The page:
ICTCT

"Don't wait for accidents to happen"

October 2005. Helsinki

Traffic safety effects of roundabouts – a review with emphasis on bicyclist’s safety

AUTHOR(S)
DANIELS, Stijn; WETS, Geert
ABSTRACT
The paper reviews research results about the design of roundabouts and their effects on traffic safety. Attention is given to specific accommodation for bicyclists and its effects on traffic safety.
Firstly the safety of roundabouts is regarded from a theoretical point of view. A roundabout can be an appropriate type of intersection design because of several reasons. Roundabouts reduce the number of conflicts between road users (e.g. from 32 to 8 at four-legged crossroads). They also reduce vehicle speeds because of the circulatory movement around the traffic island.
The most useful technique to evaluate the safety effects of roundabouts is the before- and after study. Few studies seem to account for effects of general trends in traffic safety and regression-to-the-mean. Other research techniques have been applied, but do have their limitations.
Several studies delivered evidence about the safety performance of roundabouts. Safety effects of roundabouts are high, when injury accidents are considered. For example, in Flanders-Belgium an average decrease of 34% of the number of injury accidents was noticed after construction of a roundabout. Effects are higher on the number of accidents with seriously injured in comparison with accidents causing slight injuries. Effects on accidents with property damage only are highly uncertain and might even be negative.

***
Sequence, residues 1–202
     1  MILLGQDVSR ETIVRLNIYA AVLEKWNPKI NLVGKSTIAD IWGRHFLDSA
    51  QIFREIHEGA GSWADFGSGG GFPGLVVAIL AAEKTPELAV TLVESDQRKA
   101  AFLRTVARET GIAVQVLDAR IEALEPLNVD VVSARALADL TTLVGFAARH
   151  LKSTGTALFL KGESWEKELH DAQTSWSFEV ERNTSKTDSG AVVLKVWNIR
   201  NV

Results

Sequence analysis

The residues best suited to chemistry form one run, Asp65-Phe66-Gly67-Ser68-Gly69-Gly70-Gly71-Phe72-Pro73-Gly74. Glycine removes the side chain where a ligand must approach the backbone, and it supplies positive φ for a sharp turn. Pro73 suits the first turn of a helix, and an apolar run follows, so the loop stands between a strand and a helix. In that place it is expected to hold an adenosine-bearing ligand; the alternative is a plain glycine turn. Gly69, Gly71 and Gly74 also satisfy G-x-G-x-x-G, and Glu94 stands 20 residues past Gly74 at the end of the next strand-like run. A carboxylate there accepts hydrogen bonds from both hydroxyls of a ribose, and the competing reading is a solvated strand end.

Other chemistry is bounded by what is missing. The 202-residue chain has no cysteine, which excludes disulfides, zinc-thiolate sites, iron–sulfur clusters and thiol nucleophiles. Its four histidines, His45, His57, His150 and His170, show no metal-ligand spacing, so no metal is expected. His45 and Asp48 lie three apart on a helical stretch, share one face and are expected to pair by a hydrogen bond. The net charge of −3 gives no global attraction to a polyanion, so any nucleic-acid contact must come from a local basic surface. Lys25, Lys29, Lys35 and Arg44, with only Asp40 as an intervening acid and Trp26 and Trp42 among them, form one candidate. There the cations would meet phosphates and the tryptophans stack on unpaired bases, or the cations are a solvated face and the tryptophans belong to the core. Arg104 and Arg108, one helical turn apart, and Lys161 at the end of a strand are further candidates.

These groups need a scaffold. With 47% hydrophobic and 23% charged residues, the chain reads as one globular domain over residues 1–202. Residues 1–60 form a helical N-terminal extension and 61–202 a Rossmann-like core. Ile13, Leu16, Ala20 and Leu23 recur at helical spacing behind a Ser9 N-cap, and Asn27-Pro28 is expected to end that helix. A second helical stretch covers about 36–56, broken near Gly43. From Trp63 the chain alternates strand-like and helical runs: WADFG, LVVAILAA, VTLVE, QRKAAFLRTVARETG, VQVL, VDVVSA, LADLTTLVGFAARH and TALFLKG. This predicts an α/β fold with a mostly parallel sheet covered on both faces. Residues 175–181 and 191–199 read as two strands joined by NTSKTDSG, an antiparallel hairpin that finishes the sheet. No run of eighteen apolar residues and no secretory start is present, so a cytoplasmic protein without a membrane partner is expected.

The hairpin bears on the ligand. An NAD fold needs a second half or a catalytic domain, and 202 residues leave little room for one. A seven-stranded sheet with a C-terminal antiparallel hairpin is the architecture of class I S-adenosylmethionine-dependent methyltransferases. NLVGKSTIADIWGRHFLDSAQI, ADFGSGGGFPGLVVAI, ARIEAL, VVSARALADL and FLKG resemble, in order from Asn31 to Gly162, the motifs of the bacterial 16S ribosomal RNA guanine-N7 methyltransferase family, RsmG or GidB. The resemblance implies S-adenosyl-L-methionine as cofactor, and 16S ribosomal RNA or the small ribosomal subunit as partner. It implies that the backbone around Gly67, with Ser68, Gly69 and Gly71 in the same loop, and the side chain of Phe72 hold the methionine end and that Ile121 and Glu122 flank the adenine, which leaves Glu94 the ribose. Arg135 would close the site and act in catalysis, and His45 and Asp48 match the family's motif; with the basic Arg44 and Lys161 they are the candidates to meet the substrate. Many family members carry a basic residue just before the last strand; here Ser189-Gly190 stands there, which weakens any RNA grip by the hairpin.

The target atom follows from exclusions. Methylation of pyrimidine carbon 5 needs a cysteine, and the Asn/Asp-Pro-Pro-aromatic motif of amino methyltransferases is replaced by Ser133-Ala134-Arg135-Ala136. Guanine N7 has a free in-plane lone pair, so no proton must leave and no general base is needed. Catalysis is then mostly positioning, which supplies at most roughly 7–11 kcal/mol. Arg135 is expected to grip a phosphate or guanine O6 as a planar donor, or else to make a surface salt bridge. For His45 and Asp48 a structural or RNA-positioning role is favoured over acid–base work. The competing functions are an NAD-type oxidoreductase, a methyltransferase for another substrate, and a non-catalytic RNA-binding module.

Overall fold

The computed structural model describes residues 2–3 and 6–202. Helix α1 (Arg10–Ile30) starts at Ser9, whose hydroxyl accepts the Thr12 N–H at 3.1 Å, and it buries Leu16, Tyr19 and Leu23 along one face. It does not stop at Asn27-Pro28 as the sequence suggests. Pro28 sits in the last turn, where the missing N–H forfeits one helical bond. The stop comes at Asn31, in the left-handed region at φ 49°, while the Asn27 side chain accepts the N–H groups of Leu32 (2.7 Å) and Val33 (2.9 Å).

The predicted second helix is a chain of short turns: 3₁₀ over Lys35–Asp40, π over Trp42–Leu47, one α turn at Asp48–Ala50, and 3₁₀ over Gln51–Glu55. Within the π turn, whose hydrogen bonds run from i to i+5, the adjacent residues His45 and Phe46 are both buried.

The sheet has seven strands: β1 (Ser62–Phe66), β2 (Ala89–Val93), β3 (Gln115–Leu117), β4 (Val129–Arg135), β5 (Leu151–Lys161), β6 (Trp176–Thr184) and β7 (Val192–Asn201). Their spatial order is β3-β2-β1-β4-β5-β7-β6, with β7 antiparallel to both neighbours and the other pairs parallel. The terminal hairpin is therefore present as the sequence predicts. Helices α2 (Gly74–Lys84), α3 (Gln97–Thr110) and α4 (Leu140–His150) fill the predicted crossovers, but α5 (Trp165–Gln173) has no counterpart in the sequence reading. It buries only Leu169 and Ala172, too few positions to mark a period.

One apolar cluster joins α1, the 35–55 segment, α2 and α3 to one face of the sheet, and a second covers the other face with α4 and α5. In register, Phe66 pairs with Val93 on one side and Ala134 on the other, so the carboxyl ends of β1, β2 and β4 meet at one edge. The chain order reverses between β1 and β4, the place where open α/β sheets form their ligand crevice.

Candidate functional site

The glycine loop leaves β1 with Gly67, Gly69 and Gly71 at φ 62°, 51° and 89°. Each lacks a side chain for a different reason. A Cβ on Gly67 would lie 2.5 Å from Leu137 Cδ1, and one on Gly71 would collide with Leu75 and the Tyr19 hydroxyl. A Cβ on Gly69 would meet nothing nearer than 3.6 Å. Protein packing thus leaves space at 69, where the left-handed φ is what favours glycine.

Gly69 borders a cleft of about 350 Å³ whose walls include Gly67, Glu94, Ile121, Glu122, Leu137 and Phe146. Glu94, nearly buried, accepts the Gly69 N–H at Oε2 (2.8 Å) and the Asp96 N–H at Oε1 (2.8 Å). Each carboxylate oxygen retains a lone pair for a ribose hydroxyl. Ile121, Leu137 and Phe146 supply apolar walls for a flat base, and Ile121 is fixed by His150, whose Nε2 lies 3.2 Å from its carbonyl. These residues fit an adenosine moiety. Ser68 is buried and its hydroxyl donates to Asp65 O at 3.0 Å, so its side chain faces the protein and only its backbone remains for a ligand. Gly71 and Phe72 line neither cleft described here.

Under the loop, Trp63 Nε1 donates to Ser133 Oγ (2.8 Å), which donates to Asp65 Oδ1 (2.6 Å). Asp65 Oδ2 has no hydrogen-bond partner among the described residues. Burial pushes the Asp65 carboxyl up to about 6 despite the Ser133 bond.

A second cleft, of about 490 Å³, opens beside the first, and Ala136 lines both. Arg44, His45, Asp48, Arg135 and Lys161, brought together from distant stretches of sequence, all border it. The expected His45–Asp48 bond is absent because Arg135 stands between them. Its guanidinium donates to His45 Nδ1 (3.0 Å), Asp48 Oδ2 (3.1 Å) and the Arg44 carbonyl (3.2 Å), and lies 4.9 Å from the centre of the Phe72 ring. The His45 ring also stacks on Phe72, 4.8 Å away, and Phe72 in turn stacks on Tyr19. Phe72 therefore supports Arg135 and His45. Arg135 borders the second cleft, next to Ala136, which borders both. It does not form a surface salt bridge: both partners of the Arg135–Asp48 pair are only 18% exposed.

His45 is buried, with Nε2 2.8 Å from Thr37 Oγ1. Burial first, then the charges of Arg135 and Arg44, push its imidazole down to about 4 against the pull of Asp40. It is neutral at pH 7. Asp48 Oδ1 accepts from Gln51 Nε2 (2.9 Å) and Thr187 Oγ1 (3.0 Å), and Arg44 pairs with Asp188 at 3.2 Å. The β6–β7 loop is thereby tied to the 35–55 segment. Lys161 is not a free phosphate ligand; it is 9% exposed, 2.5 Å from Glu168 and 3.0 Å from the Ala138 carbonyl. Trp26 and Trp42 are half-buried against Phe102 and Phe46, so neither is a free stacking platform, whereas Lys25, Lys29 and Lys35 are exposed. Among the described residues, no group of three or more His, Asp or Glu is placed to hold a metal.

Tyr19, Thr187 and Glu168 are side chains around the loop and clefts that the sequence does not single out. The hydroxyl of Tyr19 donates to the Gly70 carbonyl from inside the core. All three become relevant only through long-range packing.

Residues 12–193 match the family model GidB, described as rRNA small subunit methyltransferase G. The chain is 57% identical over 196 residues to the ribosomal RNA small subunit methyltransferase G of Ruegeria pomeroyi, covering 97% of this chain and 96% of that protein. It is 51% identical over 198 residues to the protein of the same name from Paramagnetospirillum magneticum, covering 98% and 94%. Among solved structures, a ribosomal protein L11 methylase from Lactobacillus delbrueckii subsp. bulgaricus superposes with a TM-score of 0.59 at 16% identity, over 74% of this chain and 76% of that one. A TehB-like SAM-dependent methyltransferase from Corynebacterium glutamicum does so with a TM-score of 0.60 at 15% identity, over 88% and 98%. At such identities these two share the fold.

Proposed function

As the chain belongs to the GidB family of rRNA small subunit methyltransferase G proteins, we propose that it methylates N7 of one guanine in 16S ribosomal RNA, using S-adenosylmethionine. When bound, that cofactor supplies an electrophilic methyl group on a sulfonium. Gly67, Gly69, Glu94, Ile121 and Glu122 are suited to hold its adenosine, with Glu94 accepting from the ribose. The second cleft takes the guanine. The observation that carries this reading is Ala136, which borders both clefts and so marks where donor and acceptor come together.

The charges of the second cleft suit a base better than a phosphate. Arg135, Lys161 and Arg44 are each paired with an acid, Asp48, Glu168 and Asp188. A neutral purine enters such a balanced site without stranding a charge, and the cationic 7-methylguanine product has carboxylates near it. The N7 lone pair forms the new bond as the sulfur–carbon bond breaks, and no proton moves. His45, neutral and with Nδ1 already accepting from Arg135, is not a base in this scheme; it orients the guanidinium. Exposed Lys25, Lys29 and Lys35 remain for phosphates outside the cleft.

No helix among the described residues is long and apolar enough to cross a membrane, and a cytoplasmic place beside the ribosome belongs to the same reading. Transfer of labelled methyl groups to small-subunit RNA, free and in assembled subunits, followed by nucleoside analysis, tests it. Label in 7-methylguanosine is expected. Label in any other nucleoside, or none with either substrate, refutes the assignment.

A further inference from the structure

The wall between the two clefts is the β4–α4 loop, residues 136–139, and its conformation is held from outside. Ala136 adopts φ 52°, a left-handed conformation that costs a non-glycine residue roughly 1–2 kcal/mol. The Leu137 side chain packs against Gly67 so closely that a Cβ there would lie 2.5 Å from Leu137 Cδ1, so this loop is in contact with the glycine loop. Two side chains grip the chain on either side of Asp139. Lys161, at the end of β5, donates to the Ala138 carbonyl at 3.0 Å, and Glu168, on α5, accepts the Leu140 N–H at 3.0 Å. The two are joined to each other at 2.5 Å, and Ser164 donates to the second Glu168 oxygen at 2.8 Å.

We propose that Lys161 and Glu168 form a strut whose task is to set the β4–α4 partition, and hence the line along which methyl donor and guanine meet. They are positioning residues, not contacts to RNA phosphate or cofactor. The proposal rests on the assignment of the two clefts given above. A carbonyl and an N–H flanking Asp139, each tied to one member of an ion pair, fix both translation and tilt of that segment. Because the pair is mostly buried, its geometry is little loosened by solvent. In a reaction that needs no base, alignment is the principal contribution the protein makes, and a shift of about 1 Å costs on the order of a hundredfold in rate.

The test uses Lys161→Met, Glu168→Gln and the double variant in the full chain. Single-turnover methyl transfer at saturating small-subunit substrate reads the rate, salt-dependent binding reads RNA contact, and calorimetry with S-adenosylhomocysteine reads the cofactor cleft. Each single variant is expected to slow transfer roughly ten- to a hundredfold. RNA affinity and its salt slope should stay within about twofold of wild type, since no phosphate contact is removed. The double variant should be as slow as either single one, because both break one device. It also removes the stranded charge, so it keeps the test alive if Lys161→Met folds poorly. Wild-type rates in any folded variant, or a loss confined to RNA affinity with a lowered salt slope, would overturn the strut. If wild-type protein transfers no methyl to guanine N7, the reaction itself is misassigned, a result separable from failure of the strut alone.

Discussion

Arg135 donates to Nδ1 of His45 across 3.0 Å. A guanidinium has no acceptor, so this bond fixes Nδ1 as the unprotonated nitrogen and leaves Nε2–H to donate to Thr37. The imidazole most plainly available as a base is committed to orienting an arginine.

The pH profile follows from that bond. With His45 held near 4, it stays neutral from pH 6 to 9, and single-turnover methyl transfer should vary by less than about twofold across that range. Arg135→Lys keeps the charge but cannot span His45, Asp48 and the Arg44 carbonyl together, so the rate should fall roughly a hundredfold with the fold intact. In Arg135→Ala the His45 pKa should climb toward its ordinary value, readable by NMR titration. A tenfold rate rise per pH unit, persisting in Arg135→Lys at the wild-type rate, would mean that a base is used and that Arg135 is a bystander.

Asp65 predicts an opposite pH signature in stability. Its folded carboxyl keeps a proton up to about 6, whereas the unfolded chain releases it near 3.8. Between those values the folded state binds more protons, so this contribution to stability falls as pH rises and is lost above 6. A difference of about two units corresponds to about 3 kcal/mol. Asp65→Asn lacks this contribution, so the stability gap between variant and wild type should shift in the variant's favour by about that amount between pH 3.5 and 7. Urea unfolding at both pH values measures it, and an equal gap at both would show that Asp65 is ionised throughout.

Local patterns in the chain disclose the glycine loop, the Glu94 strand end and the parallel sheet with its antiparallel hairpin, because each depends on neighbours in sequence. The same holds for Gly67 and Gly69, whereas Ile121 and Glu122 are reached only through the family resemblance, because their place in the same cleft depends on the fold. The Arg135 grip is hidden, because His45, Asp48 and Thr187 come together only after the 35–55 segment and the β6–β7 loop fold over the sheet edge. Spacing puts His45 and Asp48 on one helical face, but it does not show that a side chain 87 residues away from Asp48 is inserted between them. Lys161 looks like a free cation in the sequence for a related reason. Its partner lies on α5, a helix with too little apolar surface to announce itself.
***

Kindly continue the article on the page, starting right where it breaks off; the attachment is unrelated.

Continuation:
But the effects are not equal for all road users. Particularly for bicyclists, safety effects seem to be smaller and are not really proven. Depending on the design of the bicyclist’s facilities there seem to exist differences in safety level for bicyclists. Separated bicycle lanes (the bicyclist drives around the roundabout on a separated bicycle lane) are the safest. Designs with bicycle lanes adjacent to the carriageway or ‘mixed traffic’ designs (cyclists and motorised traffic both conducted on the carriageway) perform less. Special attention is needed for conflicts between bicyclists and motorised road users when cars/trucks are leaving the roundabout and come into conflict with bicyclists who are driving around the roundabout.
It is suggested to apply methodologically reliable techniques to evaluate safety effects for bicyclists too.

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